My response: "Well, I hope to be alive when you are an adult, so that I can meet your children and your GRANDchildren, but you just never know when you are going to die."
"Oh. Well, how about when I'm 80? Will you still be alive?"
Oy. The questions that come out of Evan's mouth!
He has been focusing a lot of queries regarding death lately. If I recall, Justin went through this stage a bit earlier, but still went through it, nevertheless. It is calming to me, actually, to know that my children know, from an early age, that all life will end. That everyone passes on. I know I have mentioned my views on how to express this to young children. But I thought I'd post it again, simply to share what has worked so well for my kids.
My religious views are loose but strong, if there is such a thing. I truly believe that everyone's beliefs are correct, to a certain degree. There IS "something" out there (wherever "out there" is). There is a connecting force in the universe, of this I am certain. I can feel it. Can you feel it? Can you feel the connection to the earth? Can you feel the rhythm that brings us all together?
I relish in the knowledge that everything, and I mean EVERYthing, is made up from the same basic energy. I do not firmly believe in any religious book or teachings, but feel that they are very beneficial for many people, especially when studied with the understanding that all books are written by men and published by editors. And that men and editors are not infallible.
It is for this reason that Patrick and I haven't raised our children in any specific religion (though the options are always open for them, should they so desire). We were both raised Catholic. Received all our sacraments, including marriage, in the Catholic church. The man-made rules and teachings of church, however, are what have turned me away from any specific religion.
So, when my children ask me basic questions, such as "Is there heaven? What IS God? Why are there bad things?" I respond in an open-ended answer.
"What do YOU think? How would that work? What feels like the right answer to you?"
You'd be surprised as to the depth of an answer that a grade schooler can provide.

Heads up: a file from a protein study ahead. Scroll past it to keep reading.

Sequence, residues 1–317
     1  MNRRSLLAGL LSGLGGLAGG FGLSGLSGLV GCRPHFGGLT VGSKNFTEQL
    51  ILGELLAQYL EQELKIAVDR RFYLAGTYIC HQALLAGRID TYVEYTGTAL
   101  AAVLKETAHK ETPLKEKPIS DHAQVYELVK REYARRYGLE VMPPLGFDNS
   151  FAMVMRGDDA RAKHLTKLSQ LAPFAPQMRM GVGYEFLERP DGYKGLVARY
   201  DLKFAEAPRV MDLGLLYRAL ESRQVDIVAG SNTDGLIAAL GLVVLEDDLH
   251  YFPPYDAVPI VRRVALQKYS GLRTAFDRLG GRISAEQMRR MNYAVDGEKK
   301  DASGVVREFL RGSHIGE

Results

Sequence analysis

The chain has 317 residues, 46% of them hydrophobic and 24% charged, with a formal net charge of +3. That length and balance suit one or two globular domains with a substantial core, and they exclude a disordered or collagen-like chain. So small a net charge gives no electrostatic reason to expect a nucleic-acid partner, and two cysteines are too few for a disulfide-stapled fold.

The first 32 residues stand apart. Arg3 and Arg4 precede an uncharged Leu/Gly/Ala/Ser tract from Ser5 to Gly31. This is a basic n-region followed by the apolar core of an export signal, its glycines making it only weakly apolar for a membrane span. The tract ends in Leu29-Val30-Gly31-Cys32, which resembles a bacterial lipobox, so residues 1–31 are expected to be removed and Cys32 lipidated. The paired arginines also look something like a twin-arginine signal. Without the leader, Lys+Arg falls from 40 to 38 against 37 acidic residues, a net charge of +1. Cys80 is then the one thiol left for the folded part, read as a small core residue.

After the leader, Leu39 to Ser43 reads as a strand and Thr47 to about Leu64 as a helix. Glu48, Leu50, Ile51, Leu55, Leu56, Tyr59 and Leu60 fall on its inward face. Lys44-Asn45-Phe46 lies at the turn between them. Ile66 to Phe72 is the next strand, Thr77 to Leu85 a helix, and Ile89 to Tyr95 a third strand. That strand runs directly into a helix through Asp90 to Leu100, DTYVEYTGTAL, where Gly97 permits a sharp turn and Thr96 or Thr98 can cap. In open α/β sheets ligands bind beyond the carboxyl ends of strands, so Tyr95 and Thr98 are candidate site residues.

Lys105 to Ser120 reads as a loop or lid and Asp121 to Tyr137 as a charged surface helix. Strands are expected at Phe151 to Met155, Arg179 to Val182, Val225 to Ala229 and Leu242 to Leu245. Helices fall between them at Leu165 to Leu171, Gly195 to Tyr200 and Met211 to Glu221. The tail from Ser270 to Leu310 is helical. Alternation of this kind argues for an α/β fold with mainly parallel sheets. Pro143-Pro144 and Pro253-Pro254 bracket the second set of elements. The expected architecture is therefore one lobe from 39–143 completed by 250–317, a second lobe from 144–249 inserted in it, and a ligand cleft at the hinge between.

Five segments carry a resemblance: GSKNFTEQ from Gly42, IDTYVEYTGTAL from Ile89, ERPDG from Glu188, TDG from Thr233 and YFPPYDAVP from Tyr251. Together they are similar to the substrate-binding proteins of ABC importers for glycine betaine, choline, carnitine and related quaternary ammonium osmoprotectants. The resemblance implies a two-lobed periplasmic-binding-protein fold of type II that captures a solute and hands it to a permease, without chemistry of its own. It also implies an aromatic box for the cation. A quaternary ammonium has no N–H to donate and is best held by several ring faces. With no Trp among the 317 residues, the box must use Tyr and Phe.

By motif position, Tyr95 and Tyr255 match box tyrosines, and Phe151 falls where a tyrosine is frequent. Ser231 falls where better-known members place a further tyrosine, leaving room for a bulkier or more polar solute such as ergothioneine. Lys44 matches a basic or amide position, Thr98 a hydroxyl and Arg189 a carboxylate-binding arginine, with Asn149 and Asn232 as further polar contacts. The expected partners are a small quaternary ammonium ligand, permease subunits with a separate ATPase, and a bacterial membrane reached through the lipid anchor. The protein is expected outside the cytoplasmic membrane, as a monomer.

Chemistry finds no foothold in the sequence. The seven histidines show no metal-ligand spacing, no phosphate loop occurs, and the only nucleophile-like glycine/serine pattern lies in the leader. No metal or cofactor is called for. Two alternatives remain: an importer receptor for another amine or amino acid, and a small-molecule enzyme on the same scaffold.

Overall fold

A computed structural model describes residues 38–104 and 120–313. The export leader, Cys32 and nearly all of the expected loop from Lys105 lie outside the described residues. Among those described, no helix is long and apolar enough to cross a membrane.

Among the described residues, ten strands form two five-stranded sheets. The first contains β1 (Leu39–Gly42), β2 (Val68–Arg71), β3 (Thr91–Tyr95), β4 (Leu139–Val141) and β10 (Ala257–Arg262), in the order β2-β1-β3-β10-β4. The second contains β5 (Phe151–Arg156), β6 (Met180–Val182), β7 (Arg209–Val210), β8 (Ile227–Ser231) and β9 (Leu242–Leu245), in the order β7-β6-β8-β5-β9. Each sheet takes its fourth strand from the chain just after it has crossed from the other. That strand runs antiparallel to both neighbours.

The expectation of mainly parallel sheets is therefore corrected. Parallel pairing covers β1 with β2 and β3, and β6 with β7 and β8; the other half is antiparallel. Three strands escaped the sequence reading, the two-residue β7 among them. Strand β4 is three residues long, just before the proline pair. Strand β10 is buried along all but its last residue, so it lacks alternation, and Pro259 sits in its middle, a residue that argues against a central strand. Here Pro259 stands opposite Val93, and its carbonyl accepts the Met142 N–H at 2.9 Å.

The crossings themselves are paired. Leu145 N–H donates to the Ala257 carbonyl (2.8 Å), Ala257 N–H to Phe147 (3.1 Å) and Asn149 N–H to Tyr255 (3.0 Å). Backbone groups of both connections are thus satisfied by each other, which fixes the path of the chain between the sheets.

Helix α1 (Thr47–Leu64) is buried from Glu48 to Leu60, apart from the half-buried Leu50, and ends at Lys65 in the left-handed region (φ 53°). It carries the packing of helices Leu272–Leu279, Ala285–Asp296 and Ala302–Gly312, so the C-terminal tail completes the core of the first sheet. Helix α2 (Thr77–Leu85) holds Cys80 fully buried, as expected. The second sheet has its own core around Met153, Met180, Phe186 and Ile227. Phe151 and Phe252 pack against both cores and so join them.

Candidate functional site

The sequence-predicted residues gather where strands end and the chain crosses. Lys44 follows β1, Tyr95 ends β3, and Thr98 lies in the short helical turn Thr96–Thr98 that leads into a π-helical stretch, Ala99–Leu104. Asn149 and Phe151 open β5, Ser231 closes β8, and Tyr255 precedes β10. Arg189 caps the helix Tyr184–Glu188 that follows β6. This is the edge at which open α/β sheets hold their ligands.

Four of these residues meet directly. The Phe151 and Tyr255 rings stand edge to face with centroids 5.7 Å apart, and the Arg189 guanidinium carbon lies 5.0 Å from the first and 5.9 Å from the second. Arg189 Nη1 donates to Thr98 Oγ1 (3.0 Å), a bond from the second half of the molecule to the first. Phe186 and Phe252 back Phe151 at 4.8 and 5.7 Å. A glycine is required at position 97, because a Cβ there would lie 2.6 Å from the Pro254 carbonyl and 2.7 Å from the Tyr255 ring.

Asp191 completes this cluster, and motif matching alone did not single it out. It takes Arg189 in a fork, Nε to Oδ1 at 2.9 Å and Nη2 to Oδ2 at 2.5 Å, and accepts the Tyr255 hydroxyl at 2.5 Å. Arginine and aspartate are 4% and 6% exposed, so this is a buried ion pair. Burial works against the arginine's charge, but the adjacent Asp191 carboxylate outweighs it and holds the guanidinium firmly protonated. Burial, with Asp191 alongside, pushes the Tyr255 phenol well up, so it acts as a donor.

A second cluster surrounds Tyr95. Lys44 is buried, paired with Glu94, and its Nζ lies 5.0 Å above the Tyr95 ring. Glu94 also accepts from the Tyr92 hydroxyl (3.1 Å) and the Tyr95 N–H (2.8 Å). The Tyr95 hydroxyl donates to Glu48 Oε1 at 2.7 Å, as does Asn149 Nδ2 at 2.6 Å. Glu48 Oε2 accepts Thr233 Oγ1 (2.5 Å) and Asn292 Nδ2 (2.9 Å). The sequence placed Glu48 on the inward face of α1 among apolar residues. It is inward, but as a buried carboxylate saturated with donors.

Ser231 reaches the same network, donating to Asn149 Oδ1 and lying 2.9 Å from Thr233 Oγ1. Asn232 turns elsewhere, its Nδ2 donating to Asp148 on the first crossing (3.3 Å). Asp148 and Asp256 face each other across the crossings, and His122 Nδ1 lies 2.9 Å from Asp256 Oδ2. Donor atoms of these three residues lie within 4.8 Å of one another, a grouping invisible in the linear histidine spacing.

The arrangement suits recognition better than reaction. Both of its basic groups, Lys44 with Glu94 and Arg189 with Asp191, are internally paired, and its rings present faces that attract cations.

Justin, I think, will be similar to me in that he presented the idea of reincarnation to me at an early age. Out of the blue, and in a very intelligent fashion, he explained what he considered a logical use for our energy after our bodies were done with it. And this is how I fashioned my answer for the question of "What happens when we die?"
The balloon theory, according to Tracey
When a new life is formed, God breathes in a deep breath of air. He breathes this air from his lungs into a new body, just as we blow our breath into a balloon. The "balloon" is full of air and beautiful! Sometimes, the balloon may pop suddenly, and all of the air will escape. Sometimes, the balloon slowly deflates over years and years, until all that is left is a limp rubber casing. Still, the air was released back into the atmosphere. In both situations, the air from the balloon didn't disappear. It simply became part of the wind, again. It still exists, even though we cannot see it. The air will continue to touch us and be present for all eternity...
This explained to them, in a way that young children can understand, that souls are invisible. That the good stuff that makes us who we REALLY are isn't tangible, but is still very real. They can comprehend what the air is, and how air isn't visible but exists. They can then acknowledge that human bodies are just vessels for the souls as balloons are vessels for air.
Justin then took this explanation to the next level by saying that sometimes God must use the same air for other "balloons." That all of our souls and "air" is combined and mixed. To which I blinked back tears and agreed.
We ARE all connected.
We are ALL from the same breath of God.